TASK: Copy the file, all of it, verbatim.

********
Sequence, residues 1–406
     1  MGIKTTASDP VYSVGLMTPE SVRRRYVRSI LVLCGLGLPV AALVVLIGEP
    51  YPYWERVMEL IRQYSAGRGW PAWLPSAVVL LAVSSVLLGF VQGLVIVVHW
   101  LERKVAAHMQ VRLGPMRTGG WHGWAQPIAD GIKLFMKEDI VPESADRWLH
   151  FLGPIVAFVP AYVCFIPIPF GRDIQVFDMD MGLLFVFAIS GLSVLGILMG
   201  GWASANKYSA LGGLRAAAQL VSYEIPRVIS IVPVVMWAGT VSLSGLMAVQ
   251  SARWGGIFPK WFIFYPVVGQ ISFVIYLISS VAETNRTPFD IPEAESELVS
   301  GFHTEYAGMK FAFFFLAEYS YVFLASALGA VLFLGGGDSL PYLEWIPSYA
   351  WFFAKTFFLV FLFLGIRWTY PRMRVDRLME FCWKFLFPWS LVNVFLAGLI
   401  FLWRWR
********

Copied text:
Sequence, residues 1–406
     1  MGIKTTASDP VYSVGLMTPE SVRRRYVRSI LVLCGLGLPV AALVVLIGEP
    51  YPYWERVMEL IRQYSAGRGW PAWLPSAVVL LAVSSVLLGF VQGLVIVVHW
   101  LERKVAAHMQ VRLGPMRTGG WHGWAQPIAD GIKLFMKEDI VPESADRWLH
   151  FLGPIVAFVP AYVCFIPIPF GRDIQVFDMD MGLLFVFAIS GLSVLGILMG
   201  GWASANKYSA LGGLRAAAQL VSYEIPRVIS IVPVVMWAGT VSLSGLMAVQ
   251  SARWGGIFPK WFIFYPVVGQ ISFVIYLISS VAETNRTPFD IPEAESELVS
   301  GFHTEYAGMK FAFFFLAEYS YVFLASALGA VLFLGGGDSL PYLEWIPSYA
   351  WFFAKTFFLV FLFLGIRWTY PRMRVDRLME FCWKFLFPWS LVNVFLAGLI
   401  FLWRWR